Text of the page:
House Democrats yesterday refused to revisit an update of the nation’s domestic wiretapping rules before they expire tomorrow at midnight, causing Republicans to storm out of the chamber in protest.
The dispute has led both Democratic and Republican leaders to accuse one another of playing political games with national security.
Republicans said it was a “disgrace” that Democrats decided to call a vote on contempt charges against White House Chief of Staff Joshua B. Bolten and former White House counsel Harriet E. Miers in the 2006 firings of U.S. attorneys instead of addressing the surveillance measure.
“We have space on the calendar today for a politically charged fishing expedition, but no space for a bill that would protect the American people from terrorists who want to kill us,” said House Minority Leader John A. Boehner, Ohio Republican.
But House Democrats, who control the chamber, say they would rather let the surveillance law lapse without replacement legislation than rush through a bill at the last minute on such an important issue.
“Democrats have made it abundantly clear that we are prepared to sit down with the White House and Republicans to work together,” said House Majority Leader Steny H. Hoyer, Maryland Democrat. “But we will not succumb to divisiveness and fear-mongering.”
The House passed the contempt measure by a vote of 223-32, setting up a possible legal showdown with the Bush administration. The White House says the roles of Mr. Bolten and Miss Miers in the attorney firings are protected under executive privilege. Democrats disagree, saying the president is constitutionally bound to allow the two to testify as part of a congressional inquiry.
The House on Wednesday rejected a Democratic proposal for a 21-day extension of a law that temporarily updated the 30-year-old Foreign Intelligence Surveillance Act (FISA). Thirty-four Democrats, including members of the conservative Democratic Blue Dog Coalition, voted against the measure. No Republicans voted yes.
President Bush, who had threatened to veto an extension of the surveillance laws, yesterday threatened to cancel a scheduled trip to Africa unless House Democrats continued working on a permanent fix to the FISA rules. The House today is scheduled to begin its February recess and won’t return to work until Feb. 25.
The biggest dispute in updating FISA is a Republican demand to give telecommunications companies legal immunity for their participation in a domestic spying program the president began shortly after the September 11 terrorist attacks. The secret program circumvented a court that oversees such activities.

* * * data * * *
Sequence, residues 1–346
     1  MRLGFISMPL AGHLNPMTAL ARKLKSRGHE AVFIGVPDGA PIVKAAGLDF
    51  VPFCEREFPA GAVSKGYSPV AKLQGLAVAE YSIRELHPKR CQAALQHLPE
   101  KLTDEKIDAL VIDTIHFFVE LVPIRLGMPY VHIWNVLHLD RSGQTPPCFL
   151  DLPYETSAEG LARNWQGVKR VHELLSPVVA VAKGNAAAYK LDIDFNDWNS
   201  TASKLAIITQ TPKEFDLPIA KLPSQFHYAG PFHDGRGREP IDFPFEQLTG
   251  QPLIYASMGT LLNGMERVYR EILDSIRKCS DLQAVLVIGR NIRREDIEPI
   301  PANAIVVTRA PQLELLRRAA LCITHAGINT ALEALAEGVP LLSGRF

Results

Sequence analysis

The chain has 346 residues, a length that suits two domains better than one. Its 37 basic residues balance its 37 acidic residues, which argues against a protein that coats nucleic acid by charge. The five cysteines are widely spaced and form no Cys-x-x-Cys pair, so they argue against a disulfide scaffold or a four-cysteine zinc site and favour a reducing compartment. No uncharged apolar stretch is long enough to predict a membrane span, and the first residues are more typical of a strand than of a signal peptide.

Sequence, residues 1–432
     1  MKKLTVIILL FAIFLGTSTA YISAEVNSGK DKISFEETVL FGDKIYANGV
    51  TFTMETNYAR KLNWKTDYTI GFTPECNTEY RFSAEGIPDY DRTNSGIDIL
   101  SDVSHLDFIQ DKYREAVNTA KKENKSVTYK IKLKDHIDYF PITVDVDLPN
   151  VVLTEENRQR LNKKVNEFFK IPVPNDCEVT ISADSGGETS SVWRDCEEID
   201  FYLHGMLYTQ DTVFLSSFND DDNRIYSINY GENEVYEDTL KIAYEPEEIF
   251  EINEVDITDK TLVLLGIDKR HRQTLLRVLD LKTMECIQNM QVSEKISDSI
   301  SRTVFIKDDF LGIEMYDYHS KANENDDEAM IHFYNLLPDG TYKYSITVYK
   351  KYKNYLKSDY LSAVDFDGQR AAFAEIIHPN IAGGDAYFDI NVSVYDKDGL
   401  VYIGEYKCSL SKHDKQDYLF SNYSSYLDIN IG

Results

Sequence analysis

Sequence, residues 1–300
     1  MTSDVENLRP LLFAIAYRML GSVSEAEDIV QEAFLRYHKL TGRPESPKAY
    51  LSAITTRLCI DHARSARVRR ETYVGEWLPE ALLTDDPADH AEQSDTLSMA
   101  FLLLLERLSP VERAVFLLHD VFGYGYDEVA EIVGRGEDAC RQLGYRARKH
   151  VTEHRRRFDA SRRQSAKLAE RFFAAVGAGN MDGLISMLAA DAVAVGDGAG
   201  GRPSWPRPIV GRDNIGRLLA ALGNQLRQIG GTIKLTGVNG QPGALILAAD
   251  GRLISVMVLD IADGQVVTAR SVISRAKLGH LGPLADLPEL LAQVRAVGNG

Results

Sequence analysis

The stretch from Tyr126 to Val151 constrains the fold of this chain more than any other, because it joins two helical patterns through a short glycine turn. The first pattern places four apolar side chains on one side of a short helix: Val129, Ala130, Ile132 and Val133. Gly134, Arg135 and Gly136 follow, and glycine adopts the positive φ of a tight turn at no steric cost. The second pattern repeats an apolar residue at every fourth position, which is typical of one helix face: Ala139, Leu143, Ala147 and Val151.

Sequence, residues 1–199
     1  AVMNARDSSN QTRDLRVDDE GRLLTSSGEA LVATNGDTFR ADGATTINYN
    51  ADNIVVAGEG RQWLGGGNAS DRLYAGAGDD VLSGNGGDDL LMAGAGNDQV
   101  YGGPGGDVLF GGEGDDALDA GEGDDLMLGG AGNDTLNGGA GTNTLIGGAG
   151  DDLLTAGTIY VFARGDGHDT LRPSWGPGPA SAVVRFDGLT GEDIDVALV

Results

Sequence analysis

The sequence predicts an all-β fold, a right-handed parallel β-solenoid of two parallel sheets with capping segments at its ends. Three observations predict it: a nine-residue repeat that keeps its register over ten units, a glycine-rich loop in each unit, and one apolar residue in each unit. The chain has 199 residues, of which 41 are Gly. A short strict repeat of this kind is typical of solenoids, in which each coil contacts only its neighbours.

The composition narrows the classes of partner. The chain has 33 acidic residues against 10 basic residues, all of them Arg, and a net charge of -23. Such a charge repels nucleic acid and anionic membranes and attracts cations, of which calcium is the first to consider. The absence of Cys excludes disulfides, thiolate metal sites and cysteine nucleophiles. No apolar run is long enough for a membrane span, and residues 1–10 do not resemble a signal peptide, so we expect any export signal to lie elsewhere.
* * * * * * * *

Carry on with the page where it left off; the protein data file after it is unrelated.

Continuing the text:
About 40 lawsuits have been filed accusing AT&T, Verizon and Sprint Nextel Corp. of violating privacy rights while participating in the program.
Republicans and Mr. Bush, who supports a Senate bill passed Tuesday that includes the immunity provision, say phone companies should not be penalized for helping defend the nation against terrorism. Civil liberties activists and many Democrats say Mr. Bush’s program was unconstitutional because warrants weren’t required.
Congress in August passed a six-month FISA extension after lawmakers failed to reach a compromise on the immunity provision. The extension was to expire Feb. 1, but Congress last month agreed to another 15-day extension.
Republicans say any further extensions will cause telecommunication companies to hesitate in cooperating with intelligence officials, thus compromising national security.
Rep. Peter Hoekstra of Michigan, the ranking Republican on the House Permanent Select Committee on Intelligence, said the Democrats’ foot-dragging already “has started to have an impact on our intelligence gathering ability.”
“There are people out there in the real world that are trying to keep us safe from the threat from radical jihadists that are just wondering what their status will be and how they will be treated by a U.S. government in the future, and they are just very hesitant,” Mr. Hoekstra told The Washington Times on Tuesday.
Attorney General Michael B. Mukasey and Director of National Intelligence Michael McConnell, in a joint Feb. 5 letter to Senate Majority Leader Harry Reid, Nevada Democrat, warned that allowing the FISA extension to expire “would result in a degradation of critical tools necessary to carry out our national security mission.”
“Without these authorities, there is significant doubt surrounding the future of aspects of our operations,” they said.
But Democrats disagree, saying that the even if the extension law expires, intelligence officials and the Bush administration will have sufficient authority to continue vital intelligence gathering.
“President Bush is making the absolutely untenable claim that our national security will be jeopardized unless Congress immediately acts on the Senate bill,” Mr. Hoyer said. But “if the president and Republicans really believe their own rhetoric, then their actions are grossly irresponsible.”
The 1978 FISA law requires the government to obtain a warrant from a special court to conduct foreign intelligence surveillance in the U.S. But changes in telecommunications technology have forced the government to sometimes obtain warrants to spy abroad, because foreign phone calls and other electronic communications now often travel through U.S. networks.